Flirting is a delicate skill. It can be hard to strike the balance between of being subtle enough to not come across desperate and aggressive, but forward enough so your intentions are clear.
Add in the fact you might be in a different country, and it might feel nearly impossible.
Of course, there are some people who are so naturally in tune with the art of flirting they could pick someone up without worrying about the language barrier. For everyone else, though, here’s how to flirt in five different languages, courtesy of the experts at language app Babbel.
The French don’t really use pick up lines, unless they want to make the other person laugh. Those who try and use them seriously probably don’t get very far.
A couple they may use are “Est-ce que ton père est un voleur? Parce qu’il a volé toutes les étoiles du ciel pour les mettre dans tes yeux,” which translates as “Is your father a thief? Because he stole all the stars in the sky to put them in your eyes.” and “Bonjour, désolé mais je dois vous arrêter pour excès de beauté sur la voie publique,” which means “Hello, I’m sorry but I have to put you under arrest for beauty excess in the public area.”
In France, it is typical to greet each other with a bise when you see the other person, which is when you touch cheeks and make a kiss sound – usually one on each cheek, but it can vary by region. Also, if you kiss after the date, it is implied you’re together and not seeing anyone else.
DO: Invite them for coffee or a meal, as pubs and bars are considered too loud to talk.
DON’T: Talk about your ex or how many children you want, or expect the other person to pay.
Pick up lines are used by men in Germany but women find them ridiculous. Some might be funny, but generally, most people feel offended if a pick up line is used on them because it suggests the person is awkward and uncreative.
Some they might use are “Ich habe meine Telefonnummer vergessen, kann ich deine haben,” which means “I have lost my phone number. May I have yours?” and “Glaubst du an Liebe auf den ersten Blick oder muss ich noch einmal vorbeilaufen,” meaning “Do you believe in love at first sight or do I have to pass by again?”
DO: Be honest and upfront about how you think things are going.
DON’T: Talk about topics like politics and religion that might be a bit too intense, or talk about your ex as it insinuates you’re not over them. Definitely don’t put on an act and try to be anyone but yourself.
It’s usually better to give a subtle and elegant compliment in lieu of a pick up line in Spain. Something that may work is “¿Me das tu Instagram?” which is asking “Can I have your Instagram?”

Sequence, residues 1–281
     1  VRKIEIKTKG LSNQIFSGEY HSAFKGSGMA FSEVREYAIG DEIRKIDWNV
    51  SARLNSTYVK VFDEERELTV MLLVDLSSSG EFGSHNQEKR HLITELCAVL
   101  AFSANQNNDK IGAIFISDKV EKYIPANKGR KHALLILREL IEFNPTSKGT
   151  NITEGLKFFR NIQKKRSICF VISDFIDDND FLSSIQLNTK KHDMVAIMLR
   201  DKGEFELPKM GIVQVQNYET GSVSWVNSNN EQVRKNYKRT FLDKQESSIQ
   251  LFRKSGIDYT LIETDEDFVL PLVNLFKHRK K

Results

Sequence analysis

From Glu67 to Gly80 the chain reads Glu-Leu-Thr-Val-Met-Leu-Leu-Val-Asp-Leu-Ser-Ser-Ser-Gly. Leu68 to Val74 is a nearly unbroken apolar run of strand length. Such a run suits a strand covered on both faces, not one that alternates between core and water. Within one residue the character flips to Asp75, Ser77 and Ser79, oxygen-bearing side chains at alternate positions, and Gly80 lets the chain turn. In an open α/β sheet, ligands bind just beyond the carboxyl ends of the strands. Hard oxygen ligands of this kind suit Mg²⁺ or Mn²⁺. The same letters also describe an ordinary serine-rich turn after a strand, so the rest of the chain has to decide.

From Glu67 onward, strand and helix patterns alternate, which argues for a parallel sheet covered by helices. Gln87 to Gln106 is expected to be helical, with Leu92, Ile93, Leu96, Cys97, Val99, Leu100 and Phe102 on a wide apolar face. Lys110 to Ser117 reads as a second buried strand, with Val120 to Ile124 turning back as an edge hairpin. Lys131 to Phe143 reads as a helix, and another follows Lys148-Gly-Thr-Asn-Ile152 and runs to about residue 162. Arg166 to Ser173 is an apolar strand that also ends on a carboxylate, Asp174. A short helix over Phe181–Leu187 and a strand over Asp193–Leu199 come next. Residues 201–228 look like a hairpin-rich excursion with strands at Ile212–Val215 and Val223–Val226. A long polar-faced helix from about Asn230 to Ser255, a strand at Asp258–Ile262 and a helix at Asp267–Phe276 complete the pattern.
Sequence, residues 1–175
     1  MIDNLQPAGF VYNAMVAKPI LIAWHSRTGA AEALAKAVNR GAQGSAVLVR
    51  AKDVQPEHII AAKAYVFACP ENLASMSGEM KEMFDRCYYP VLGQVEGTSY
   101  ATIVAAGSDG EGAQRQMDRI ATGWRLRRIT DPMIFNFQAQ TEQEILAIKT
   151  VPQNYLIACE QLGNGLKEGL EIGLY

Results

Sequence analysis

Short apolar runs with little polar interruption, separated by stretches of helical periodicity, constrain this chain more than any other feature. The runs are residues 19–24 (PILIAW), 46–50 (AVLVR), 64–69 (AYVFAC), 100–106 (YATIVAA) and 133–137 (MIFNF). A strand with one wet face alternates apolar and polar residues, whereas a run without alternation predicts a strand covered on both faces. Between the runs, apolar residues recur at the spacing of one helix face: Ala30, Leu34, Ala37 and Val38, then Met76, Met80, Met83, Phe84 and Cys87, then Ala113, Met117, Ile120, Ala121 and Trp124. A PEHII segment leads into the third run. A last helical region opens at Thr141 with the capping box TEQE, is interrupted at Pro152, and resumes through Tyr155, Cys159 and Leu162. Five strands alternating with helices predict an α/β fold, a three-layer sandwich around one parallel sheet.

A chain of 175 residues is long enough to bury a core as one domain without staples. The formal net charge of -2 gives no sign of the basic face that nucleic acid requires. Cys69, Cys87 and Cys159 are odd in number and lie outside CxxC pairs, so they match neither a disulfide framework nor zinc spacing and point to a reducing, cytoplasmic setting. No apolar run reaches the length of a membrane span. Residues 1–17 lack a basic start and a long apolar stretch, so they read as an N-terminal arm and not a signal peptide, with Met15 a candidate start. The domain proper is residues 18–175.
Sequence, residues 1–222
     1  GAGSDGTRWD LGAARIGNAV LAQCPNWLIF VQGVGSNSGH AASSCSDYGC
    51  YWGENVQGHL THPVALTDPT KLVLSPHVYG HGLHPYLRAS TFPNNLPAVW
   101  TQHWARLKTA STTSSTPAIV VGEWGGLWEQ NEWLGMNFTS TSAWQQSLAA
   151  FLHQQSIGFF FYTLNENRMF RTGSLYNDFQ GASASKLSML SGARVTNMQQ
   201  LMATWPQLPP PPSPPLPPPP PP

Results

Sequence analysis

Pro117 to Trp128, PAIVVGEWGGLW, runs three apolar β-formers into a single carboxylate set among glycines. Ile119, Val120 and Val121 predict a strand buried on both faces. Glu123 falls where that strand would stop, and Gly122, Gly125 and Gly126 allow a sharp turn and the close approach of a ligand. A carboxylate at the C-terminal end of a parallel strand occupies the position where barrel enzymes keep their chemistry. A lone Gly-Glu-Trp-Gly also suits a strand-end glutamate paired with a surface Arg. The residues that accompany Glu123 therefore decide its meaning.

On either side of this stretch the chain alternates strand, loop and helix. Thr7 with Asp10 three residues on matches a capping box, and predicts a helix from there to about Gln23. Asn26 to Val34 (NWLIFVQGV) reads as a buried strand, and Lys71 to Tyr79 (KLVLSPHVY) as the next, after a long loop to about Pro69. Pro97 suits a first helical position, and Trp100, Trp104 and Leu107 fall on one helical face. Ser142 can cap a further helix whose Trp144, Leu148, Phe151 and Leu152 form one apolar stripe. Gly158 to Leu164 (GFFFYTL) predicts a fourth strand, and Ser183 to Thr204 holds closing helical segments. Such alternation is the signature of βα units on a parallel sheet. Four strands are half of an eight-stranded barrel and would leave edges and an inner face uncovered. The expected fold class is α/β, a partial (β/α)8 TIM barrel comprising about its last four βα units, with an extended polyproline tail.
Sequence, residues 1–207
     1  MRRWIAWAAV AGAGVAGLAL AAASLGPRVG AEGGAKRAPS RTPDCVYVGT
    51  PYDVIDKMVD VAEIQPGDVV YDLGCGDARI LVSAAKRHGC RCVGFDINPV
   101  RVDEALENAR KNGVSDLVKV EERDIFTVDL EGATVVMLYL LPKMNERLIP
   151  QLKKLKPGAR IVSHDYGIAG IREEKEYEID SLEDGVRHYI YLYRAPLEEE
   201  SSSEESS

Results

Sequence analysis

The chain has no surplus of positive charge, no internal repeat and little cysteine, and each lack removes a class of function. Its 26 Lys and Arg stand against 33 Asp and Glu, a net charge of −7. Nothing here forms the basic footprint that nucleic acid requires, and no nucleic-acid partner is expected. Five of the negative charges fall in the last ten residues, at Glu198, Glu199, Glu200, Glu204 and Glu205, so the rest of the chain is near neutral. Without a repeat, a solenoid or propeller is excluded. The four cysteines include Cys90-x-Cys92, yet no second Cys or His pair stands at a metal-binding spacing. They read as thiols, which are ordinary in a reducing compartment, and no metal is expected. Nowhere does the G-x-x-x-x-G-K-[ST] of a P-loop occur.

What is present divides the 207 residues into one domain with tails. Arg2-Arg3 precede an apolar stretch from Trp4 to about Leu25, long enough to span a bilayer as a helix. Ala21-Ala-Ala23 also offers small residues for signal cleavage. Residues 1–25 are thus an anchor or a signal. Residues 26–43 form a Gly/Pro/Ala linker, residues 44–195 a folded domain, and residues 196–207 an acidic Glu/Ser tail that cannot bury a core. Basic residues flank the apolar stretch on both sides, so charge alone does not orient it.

Asking for Instagram details is apparently a good excuse to stay in contact without being too forward and pushy about it.
Another line could be “Me suena tu cara, ¿vienes mucho por aquí?” meaning “Your face rings a bell, do you come here often?”
DO: Show a genuine interest in the other person’s life and work, and greet with two kisses on arrival.
DON’T: Hug or hand shake, talk about your ex or politics, or talk about the future of the potential relationship.
Italians also like to keep the pick-up lines subtle, such as “Ciao, come ti chiami? Non credo tu venga qui spesso perché ti avrei notato/a di sicuro” which translates as “Hi, what’s your name? I don’t think you came here often otherwise I would have noticed you for sure.” There’s also the simple “Posso offrirti qualcosa da bere?” meaning “Can I buy you a drink?”
DO: Show a genuine interest in their personal life and career, and tell them they look beautiful “tonight,” as this means you’ve noticed the other person has spent time on their appearance.
DON’T: Let a woman pay for the bill, or offer to pay for it if you are a woman with a man. Don’t turn up underdressed, talk about your exes, or mention the fact you still live with your parents.
Pick-up lines in Sweden are considered really cheesy. They tend to be less common than starting a conversation in other ways, because telling complete strangers that they are hot is perceived as weird.
“Går du hit ofta eller?” or “Do you come here often?” is cliché but common. But you may also hear “Tjena kexet, står du här och smular?” which translates as “Hi cracker, are you standing here crumbling?”
(Kex, or cracker, is 70s slang meaning “hot person.”)
DO: Be attentive, authentic, and show genuine interest, and arrive on time.
DON’T: Just pay the bill, as normally you would split it. You can offer to pay it all, but if the other person wants to pay their share then don’t insist on it. Don’t overdo it with the flirting and compliments, as Swedes can be a bit wary of this.
Also, don’t use the term “date.” In Sweden, you don’t ask someone out for a date, but for a “fika,” which is to meet for a coffee.
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